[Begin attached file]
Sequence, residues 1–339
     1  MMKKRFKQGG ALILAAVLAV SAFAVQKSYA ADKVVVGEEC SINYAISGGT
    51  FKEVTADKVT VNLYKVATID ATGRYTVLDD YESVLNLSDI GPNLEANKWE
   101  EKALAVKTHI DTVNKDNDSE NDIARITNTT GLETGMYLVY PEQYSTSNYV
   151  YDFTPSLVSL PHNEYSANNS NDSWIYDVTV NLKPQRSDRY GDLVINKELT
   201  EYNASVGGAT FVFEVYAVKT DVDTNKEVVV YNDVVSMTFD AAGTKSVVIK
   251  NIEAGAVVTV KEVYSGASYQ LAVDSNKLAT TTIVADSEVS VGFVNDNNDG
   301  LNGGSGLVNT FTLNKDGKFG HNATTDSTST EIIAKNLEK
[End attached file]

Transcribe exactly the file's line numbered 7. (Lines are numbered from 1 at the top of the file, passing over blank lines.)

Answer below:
   251  NIEAGAVVTV KEVYSGASYQ LAVDSNKLAT TTIVADSEVS VGFVNDNNDG